News Article

The Importance of Equal Training in Cybersecurity

By Sofía Hanna | Thu, 06/17/2021 - 16:44

While cyberattacks are increasing, the prevalence of cybersecurity professionals to prevent and fight them is not increasing accordingly, warned experts during the “Cybersecurity Skills Shortage: How to Equally Address It” panel. To get sufficient professionals to protect companies, the sector has to focus in attracting an overlooked demographic: women.


“It is necessary to address the actions necessary to close the gaps in cybersecurity in Mexico. If women entered the field, the country’s GDP would increase and so would sales of private businesses. The more the need grows, the more people are needed,” said Angeles Vela, General Manager at Csoftmty. While more women have entered the field, the sector still does not have the necessary professionals.

To address Mexico’s shortage of cybersecurity experts it is necessary to enhance technical education, explained Anahí Flores Ordorica, Campus Manager at IronHack. “The sector needs almost 2 million more people. But where are they going to come from? Technical education is the key but in Latin America, access to education is often poor. We have to ensure that there is information available through events such as this one where we are able to discuss the subject.” The priority, explains Ordorica, should be ensuring that current and future generations have this access to this information to take the first step towards learning the professional opportunities in this area.”

This mission will be impossible if the sector does not bring together industries, academia, public institutions and governments, explained Augusto Hintze, Director of CIIC. “We must have this ecosystem to accelerate the process,” he said. Companies, governments and individuals must be aware that they are a target and put together a group to generate awareness of the risks.

The best way to address the shortage of skills is to know exactly which skills are necessary, explained Berenice Guerra, Technical Consulting Engineer-Security Leader at CISCO and WISE. “You have to identify the roles and gaps in the security and find a way to train people to cover them. It is necessary to first define what a cybersecurity engineer is. After that, schools must develop complete training programs,” said Guerra. However, Mexico does no train cybersecurity engineers as such, she added, leading companies to rely on non-specialized people.


To provide equitable access to cybersecurity training for all, three steps must be taken, explained Hintze. The first is to review the maturity level of each organization, the second is to understand social engineering and the third is to search for an expert to help define the steps to follow. “Cybersecurity is an issue that affects everyone. Babies are now born with cell phones. Everyone should be concerned about their safety online. The information is there but companies must learn how to access and use it. At the end of the day, certifications are becoming more and more common because they are practical and up-to-date,” said Guerra.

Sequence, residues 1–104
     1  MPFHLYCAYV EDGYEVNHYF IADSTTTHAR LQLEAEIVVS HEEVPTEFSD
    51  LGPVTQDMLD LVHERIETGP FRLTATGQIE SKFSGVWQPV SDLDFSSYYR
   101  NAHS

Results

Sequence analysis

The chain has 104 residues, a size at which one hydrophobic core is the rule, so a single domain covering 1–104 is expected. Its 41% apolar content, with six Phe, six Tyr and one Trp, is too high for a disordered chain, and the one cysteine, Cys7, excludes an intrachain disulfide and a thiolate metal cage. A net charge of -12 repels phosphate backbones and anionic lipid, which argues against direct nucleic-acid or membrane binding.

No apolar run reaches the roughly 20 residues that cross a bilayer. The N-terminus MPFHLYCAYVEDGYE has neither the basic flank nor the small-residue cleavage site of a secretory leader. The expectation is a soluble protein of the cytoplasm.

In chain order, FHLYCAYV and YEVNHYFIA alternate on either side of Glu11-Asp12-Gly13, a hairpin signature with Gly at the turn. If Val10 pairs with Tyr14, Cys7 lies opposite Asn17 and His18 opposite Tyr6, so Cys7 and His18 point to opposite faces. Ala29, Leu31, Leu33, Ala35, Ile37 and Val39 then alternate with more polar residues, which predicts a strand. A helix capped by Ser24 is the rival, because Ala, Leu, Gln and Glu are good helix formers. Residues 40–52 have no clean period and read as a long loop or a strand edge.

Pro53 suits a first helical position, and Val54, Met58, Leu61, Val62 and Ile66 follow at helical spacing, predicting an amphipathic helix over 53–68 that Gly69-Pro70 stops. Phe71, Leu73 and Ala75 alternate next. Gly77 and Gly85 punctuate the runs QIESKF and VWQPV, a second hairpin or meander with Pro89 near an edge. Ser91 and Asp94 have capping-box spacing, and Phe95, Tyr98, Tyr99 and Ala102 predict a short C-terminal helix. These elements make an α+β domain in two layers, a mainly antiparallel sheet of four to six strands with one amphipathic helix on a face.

Companies must understand that cybersecurity experts are essential, explained Vela. If they cannot be found through external hiring, businesses should develop their own. “Any company can do this. It is just taking reskilling or upskilling. Do not wait for outsiders to train people; it takes a joint effort,” said Flores. Companies should also consider upskilling as part of their talent retention strategies. “Before salary lays personal development,” said Guerra. “There are options available so employees can expand their knowledge. There is this idea that the talent is outside of Mexico; we do not realize that the talent has been here all along,” said Guerra. 


Finally, to build more diversity in the workplace companies should stop looking for men or women of a certain age or background, agreed experts. What they should look for is for those who have the drive to learn. “It is necessary to break technology myths that say that cybersecurity experts have certain gender, age and skills. We can all develop technological skills. If companies remove these labels, they can welcome a sea of ​​possibilities. Remove labels and give everyone a chance,” said Flores. 

Companies have to stop thinking of these professionals as those of a specific gender, explained Guerra. “You have to break away from the myth that there are no women in technology.” Instead, what companies should focus in increasing diversity by aligning business and cybersecurity goals, building repeatable processes, providing the correct training and suggest plans to close the gap between cybersecurity and businesses.

Sofía Hanna Sofía Hanna Junior Journalist and Industry Analyst